A community group called the Skid Row Brigade worked as the monitors, sending real-time reports on the status of the toilets and handwashing stations to the city. The ILM Foundation served as the fiscal agent to track the monitors’ hours and disburse the grant stipends.
The goal of the pilot program was to learn whether monitoring the porta-potties would keep the units in a usable condition for the community. To evaluate this, the city tracked monitor scores for cleanliness, supply stocking, and functionality. If we could show improvement during the three months, we would then seek out other funding sources to sustain the monitoring program.
Before the pilot began, the city used input from the Skid Row Brigade to update its map of the neighborhood into four zones and number the toilets to make it easier to track them. During the first week of monitoring, the Brigade re-established connections throughout the community and spoke to unhoused people about helping to care for the porta-potties in their area.
The LA mayor’s Office of City Homeless Initiatives wrote in its month one report:
“The Skid Row Brigade submitted 270 reports monitoring 49 porta-potties, and 24 handwashing stations. More important than the number of reports and units is what the first month of monitoring revealed. Due to the diligent work of the Brigade, we found that many of the hygiene units had been vandalized, damaged and even burned down and that those units that had not suffered some abuse had not received regular service, maintenance and restocking. Additionally the Brigade identified units that were being underutilized because of the location they were placed.”
The report noted that month one scores for cleanliness and supplies were very low and suggested that many of the units had not been serviced for weeks before our program started. The average monitor cleanliness score was 2.38 out of 5.0, and toilet paper was stocked in 8.9% of toilets, while 5.6% of sinks had paper towels, 10.3% had soap, and 24% had water. Only 35.1% of the units were functioning at full capacity.
Some accomplishments in the first month included a 20% reduction in the response time for unit replacement and servicing, replacing six damaged toilets, relocating toilets to areas with higher needs, and designating Hygiene Unit Block Captains to watch over the portable toilets.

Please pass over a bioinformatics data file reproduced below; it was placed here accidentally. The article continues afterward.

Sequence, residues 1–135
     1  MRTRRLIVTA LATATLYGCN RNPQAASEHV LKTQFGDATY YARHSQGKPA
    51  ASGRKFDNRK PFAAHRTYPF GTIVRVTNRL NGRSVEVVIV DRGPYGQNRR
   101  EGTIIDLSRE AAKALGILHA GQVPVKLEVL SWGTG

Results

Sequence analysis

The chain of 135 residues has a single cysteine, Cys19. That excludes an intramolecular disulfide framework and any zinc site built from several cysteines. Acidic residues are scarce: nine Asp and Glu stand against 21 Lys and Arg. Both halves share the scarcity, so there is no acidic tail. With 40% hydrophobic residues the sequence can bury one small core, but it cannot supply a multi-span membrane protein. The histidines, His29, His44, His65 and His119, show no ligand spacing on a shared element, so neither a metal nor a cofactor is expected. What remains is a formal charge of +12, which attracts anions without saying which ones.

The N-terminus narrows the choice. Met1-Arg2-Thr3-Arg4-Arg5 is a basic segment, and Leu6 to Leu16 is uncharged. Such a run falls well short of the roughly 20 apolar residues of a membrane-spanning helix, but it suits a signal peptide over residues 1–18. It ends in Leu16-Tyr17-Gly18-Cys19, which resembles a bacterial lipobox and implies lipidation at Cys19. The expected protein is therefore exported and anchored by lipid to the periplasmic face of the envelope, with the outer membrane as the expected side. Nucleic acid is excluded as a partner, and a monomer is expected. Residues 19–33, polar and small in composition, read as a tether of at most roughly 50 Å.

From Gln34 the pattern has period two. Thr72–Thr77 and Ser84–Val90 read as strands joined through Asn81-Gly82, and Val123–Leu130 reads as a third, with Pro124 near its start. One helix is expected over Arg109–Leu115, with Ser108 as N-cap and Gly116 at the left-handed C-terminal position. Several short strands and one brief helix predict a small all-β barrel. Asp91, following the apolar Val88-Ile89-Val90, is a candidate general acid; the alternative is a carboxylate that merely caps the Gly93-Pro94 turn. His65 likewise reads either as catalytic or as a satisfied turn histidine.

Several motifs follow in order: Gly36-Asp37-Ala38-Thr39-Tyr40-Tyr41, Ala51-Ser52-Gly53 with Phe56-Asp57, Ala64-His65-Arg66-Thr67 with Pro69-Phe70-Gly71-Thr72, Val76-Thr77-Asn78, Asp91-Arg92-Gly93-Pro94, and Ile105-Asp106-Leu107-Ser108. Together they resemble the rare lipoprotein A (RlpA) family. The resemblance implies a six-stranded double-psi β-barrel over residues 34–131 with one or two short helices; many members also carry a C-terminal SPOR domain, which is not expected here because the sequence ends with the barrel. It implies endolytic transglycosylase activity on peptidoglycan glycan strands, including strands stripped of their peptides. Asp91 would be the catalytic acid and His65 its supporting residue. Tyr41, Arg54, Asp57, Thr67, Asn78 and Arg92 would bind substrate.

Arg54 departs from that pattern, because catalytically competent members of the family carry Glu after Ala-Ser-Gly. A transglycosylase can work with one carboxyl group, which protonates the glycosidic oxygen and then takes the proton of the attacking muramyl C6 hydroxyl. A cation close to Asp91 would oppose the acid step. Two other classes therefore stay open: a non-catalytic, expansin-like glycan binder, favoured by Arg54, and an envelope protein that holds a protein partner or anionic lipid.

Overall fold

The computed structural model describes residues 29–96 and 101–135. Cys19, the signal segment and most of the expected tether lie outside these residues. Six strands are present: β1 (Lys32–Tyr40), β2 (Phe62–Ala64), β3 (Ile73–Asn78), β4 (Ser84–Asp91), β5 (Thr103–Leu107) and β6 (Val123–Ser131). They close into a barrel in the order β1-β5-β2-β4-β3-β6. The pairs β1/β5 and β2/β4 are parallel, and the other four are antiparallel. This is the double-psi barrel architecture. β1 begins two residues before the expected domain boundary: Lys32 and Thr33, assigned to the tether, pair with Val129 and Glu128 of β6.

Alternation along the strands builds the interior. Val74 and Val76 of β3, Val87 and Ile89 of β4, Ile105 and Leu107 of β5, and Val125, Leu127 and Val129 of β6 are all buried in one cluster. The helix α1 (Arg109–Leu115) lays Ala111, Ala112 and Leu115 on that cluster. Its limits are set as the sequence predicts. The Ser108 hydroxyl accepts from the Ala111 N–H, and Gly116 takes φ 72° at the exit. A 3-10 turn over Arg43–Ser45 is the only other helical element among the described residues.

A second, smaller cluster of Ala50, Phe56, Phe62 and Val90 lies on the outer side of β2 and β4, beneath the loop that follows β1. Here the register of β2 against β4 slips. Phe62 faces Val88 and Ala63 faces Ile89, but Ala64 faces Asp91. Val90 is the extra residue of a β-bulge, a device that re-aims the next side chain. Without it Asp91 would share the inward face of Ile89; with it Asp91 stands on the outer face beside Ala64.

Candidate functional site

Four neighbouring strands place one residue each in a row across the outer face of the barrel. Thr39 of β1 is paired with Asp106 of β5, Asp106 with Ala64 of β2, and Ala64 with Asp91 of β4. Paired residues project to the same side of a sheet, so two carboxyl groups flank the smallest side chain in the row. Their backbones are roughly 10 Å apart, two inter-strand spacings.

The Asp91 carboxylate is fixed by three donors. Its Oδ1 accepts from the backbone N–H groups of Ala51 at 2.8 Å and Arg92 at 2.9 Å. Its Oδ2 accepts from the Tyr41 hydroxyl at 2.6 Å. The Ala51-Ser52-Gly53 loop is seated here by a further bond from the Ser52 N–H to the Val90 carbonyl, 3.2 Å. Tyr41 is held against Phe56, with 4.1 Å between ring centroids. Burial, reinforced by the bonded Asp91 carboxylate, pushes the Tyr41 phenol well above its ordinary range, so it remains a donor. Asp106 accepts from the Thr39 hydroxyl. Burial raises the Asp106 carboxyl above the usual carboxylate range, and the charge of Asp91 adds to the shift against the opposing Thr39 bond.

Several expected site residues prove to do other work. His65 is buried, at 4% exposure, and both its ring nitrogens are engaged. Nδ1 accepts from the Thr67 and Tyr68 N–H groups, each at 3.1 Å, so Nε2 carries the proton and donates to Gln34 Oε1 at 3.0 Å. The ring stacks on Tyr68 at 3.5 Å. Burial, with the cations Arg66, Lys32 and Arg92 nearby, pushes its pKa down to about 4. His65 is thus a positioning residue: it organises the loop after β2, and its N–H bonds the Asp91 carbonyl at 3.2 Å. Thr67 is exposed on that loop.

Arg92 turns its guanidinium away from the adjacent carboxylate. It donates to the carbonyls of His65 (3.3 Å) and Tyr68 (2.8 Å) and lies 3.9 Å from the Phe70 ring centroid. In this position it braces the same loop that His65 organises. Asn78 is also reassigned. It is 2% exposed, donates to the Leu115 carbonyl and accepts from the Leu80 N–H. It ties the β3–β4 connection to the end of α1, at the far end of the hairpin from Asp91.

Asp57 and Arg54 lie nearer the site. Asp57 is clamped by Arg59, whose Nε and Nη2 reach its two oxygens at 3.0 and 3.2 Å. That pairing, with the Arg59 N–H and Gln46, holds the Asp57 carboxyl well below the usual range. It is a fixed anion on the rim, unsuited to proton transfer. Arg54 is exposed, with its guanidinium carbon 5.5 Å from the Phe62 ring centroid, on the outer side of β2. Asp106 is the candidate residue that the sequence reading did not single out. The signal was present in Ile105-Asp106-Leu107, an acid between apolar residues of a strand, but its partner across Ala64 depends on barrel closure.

The end of the City of Los Angeles’s fiscal year, June 30, 2021, came ten days before the end of our program’s second month. Since the city’s contracts with the toilet vendors were expiring at that time, the city decided to remove all porta-potties from the streets and re-evaluate their strategy for meeting the hygiene needs of the unhoused population. As a result, our three-month pilot program was cut short.
Our understanding was that the city chose not to renew the contracts because many of the toilets were unusable from not being cleaned or emptied often enough, so they became a health hazard. The Brigade reported feedback from the community that having unclean toilets in their living areas was more harmful than having no toilets.
In January 2023, the city told us they had placed ten portable toilets in Skid Row in areas with limited hygiene resources. They receive daily service reports and staff in the mayor’s office walk around the area throughout the week to check on the toilets.
In retrospect, it seems that the toilets in Skid Row were largely in an unusable state at the start of our monitoring program, to the extent that no level of monitoring could improve the conditions. The monitors’ reports raised questions about whether the vendors were servicing the toilets as required by their contracts, further complicating our attempts to track the impact of sending real-time status reports to the city.
While we were not able to complete the three-month pilot program for toilet monitoring in Skid Row, the work did have some value for the community:
- The city said that the information gathered by the Brigade about toilet locations would give them a head start in knowing where to place new toilets and helped identify people in the community who will help watch over the new toilets.
- We funded supplies for the Brigade that they were able to keep for future volunteer projects.
- The Brigade conducted outreach in the community and used their feedback to sound the alarm about the poor state of portable toilets on the streets, which we hope will ultimately lead to improved hygiene conditions.
|↑1||Los Angeles Central Providers Collaborative, Skid Row Community Residents and Partners, “No Place to Go: An Audit of the Public Toilet Crisis in Skid Row,” June 2017, https://lafla.org/wp-content/uploads/2017/08/No-Place-To-Go-final.pdf.|
|↑2||When we eventually made contact with the City of Los Angeles, we were told that if portable toilets were installed without their knowledge, they would call the vendors to retrieve them because unattended toilets can cause issues.|
|↑3||Carla Green, “California City Confiscates Toilets from Homeless Residents – Forcing Them to Use Buckets,” The Guardian, September 8, 2017, https://www.theguardian.com/us-news/2017/sep/08/anaheim-homeless-toilets-confiscated-public-health-crisis|
|↑4||Sam Stanton and Theresa Clift, “Homeless Sue Sacramento, Police Over Removal of Portable Toilet at Downtown Camp Site,” Sacramento Bee, February 4, 2020, https://amp.sacbee.com/article239962538.html|
|↑5||Theresa Walker, “Supervisor pledges to pay for $2,000 permit for portable toilets at Santa Ana River trail near homeless camp,” The Orange County Register, May 23, 2017, https://www.ocregister.com/2017/05/23/supervisors-might-allow-portable-toilets-for-homeless-at-santa-ana-river-trail-after-todd-spitzer-says-hell-cover-cost-of-2000-permit/|
|↑6||Office of Los Angeles Mayor Eric Garcetti, “Skid Row Strategies,” accessed March 30, 2022, https://lamayor.org/skid-row-strategies.|